Beautifully produced and incredibly satisfying, Brian Ashcraft's Japanese Whisky is more than a handsome primer about some of the world's best booze. It's also an assured and familiar exploration of the drink's history and culture in the world's fourth-largest whisky market, complemented by outstanding photography and dozens of tasting notes.

For me, it amounts to a useful guide to the next step. I like Suntory Toki a lot…

…but haven't wanted to commit to more expensive or unusual options. Now I feel I know where to go, and I didn't even have to look anything up on the internet.

The history and elaboration is neither exoticized nor blandly literal, with fascinating stories and descriptions of Japan's unique methods and personalities (it all starts with a business partnership falling apart, naturally) fitting into the larger context Ashcraft seeks to throw light on, which is that Japanese whisky has a deep and broad heritage to match its now well-established quality.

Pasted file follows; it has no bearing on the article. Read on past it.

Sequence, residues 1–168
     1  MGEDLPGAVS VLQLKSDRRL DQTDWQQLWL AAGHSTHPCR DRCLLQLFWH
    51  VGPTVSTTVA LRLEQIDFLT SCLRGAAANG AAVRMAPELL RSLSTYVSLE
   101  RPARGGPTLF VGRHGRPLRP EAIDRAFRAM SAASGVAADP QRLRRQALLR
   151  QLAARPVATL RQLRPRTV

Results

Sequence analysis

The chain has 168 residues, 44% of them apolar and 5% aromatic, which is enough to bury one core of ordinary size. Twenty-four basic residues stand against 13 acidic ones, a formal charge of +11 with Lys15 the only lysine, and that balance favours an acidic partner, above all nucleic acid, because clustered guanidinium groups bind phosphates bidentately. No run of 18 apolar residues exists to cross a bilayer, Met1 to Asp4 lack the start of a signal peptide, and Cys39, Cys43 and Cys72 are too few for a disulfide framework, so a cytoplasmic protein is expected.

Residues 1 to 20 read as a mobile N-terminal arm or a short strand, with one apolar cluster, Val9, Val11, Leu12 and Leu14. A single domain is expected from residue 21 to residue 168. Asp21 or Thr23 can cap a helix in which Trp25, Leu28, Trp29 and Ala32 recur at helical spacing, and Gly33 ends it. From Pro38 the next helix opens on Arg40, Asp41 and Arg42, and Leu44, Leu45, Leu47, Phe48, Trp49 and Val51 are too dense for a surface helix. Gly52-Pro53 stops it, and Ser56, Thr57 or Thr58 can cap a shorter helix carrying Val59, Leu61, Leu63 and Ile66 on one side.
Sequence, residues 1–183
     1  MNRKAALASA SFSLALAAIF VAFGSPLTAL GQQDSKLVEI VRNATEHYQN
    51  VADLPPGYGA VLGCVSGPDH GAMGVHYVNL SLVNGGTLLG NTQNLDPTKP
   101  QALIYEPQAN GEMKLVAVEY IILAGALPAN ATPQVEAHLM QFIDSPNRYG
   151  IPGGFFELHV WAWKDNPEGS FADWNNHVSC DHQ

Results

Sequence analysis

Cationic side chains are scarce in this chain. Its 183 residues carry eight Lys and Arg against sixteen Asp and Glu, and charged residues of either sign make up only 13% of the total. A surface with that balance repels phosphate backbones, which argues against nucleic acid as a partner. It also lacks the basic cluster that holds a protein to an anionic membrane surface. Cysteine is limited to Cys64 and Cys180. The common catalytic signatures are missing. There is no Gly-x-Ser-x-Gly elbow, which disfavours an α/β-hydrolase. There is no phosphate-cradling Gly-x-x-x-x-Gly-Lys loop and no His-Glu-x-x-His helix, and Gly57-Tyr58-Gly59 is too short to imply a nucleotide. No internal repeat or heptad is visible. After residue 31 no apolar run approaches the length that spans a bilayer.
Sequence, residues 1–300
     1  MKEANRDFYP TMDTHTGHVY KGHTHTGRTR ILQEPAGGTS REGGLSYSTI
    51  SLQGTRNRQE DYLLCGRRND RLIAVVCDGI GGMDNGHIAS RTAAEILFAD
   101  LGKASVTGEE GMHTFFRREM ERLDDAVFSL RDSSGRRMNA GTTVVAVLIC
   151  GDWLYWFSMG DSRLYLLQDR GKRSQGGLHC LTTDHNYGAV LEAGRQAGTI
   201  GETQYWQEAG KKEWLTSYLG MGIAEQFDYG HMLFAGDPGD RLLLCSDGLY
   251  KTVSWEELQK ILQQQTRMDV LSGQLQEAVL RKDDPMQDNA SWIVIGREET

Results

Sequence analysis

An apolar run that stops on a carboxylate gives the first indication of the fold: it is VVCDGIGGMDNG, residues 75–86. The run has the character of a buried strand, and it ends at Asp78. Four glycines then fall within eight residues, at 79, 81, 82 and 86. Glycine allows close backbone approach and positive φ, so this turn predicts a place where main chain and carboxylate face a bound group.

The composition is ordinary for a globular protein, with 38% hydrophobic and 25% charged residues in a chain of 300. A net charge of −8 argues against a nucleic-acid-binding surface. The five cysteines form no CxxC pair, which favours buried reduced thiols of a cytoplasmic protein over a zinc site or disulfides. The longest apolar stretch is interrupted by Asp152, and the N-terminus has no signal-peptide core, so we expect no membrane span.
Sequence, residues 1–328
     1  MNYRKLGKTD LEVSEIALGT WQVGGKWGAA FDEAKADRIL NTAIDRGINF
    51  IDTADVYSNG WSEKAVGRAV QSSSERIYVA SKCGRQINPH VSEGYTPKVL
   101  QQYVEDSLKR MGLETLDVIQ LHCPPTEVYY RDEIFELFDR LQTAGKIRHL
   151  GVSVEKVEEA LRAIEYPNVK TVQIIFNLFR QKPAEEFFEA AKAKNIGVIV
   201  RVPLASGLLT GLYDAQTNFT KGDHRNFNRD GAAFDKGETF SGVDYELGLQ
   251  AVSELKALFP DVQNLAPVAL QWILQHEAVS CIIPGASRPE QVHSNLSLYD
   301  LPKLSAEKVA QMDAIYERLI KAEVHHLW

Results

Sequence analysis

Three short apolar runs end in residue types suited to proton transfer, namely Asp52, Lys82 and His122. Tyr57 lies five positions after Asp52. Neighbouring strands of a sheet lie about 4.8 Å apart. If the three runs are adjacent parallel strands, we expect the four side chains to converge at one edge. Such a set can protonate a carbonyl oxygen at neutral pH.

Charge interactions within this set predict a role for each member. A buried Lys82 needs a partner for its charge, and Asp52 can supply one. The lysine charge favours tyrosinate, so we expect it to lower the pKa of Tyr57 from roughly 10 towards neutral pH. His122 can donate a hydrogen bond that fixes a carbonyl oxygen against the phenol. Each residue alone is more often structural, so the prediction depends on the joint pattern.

It is, in all this, too dense: 135 pages is not quite enough for all the sidebars, photos, biographies and reviews to breathe, and as a result the basic historical narrative is as dense and occasionally superficial as a coffee-table book about famous generals or artists.

But I did want to know about Japanese peats, bartender fashions, handcrafted ice spheres and risque interwar-period advertisements as well as specific distilleries and beverages, so there's nothing to complain about—except the Torys Extra.

Japanese Whisky [Amazon]

Photo: Mikael Leppä (CC)